On the 10th anniversary of 9/11, the Reverend asks “What happened to peace?”
As a person who was in Manhattan when the planes struck the World Trade Center and a person who had a missing family member in that area at the time I feel like the September 11th spectacles and the orgy of retrospectives is something to avoid at all costs. It doesn’t make any sense to me. It’s disconnected from what actually happened, how people really felt. It’s a political celebration and an on que outpouring of emotion that cheapens us all. Far from healing since it’s so far from the truth or that moment.
I saw this video though of Reverend Billy (whom we introduced to you here if you don’t know him) and finally I saw something 9/11 related that made sense to me. Here the good Reverend talks about one of the things we forget was talking place at the time- a genuine human desire for peace, a peace movement.
If you’re in town you can join him this Sunday on the 10th anniversary of 9/11. “Bring flowers & candles and let’s pause together remember when there was still hope for Peace in the time after the towers crashed down.” More info: revbilly.com
Many Somali refugees will be observing the Islamic holy month of Ramadan. It’s a time when, among other things, people fast during the daylight hours, though they are already “fasting” due to starvation. Many Somalis are caught in the midst of what the United Nations describes the Somali drought as the worst humanitarian disaster in the world and what United Nations Secretary-General Ban Ki-moon calls the situation a “catastrophic combination of conflict, high food prices (as we saw in Egypt during the Arab Spring) and drought“.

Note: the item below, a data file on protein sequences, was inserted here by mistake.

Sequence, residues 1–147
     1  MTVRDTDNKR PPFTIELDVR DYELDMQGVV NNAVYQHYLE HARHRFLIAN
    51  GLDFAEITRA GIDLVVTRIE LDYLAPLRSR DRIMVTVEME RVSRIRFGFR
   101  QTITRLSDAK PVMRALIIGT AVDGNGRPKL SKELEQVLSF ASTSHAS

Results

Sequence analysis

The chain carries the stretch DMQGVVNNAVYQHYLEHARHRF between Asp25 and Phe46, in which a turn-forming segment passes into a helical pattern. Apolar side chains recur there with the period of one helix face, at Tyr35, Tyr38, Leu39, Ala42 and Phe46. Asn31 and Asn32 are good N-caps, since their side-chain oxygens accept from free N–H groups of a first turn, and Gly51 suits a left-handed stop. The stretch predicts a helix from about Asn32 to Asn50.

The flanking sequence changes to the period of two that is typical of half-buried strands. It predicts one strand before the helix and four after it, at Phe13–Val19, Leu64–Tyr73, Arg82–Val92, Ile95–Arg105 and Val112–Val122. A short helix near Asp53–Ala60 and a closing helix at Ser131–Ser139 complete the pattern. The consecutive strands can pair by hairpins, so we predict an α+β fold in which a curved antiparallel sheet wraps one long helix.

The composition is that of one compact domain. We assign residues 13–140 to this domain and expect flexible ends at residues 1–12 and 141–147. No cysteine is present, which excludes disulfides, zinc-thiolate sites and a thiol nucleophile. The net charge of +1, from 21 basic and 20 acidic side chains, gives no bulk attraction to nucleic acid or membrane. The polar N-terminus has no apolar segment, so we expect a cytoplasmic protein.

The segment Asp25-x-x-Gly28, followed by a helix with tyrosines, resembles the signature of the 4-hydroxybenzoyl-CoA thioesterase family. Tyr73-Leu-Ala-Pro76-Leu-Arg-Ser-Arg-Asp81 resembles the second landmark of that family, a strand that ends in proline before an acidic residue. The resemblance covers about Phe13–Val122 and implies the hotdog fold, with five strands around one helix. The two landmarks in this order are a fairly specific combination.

Famine was officially declared in 2 regions of Somalia in late July while another 8 million in neighboring countries including Kenya and Ethiopia need food assistance.
Ramadan is also a time of for generosity and compassion. In the video people in Nairobi observing the holy month donate food to starving Somalis to deliver aid that also hasn’t come from other sources.
Photo Credit: “point blank” by Jesse Wright
It’s unfortunate that many people think of human society as being separate from, or above, nature. In reality, we are part of it. This means that the actions humans take, specifically the ones which are contributing to climate change, not only negatively effect our natural environment, but also effect our society and the way individuals and nations interact with one another. One of these interactions between nations as a result of climate change is an increased threat of war. Continue reading
I am convinced that if we are to get on the right side of the world revolution, we as a nation must undergo a radical revolution of values. We must rapidly begin…we must rapidly begin the shift from a thing-oriented society to a person-oriented society.
When machines and computers, profit motives and property rights, are considered more important than people, the giant triplets of racism, extreme materialism, and militarism are incapable of being conquered.” — Rev. Dr. Martin Luther King Jr., Beyond Vietnam speech, April 4, 1967, Riverside Church, New York City
King’s “Beyond Vietnam” or the “Why I Am Opposed to the War in Vietnam” speech was made one year to the day before he would be assassinated. This is King at the depth of his popularity, when even many, including Black people, turned their backs on him. This is King at his most controversial, and possibly at his most enlightened. Continue reading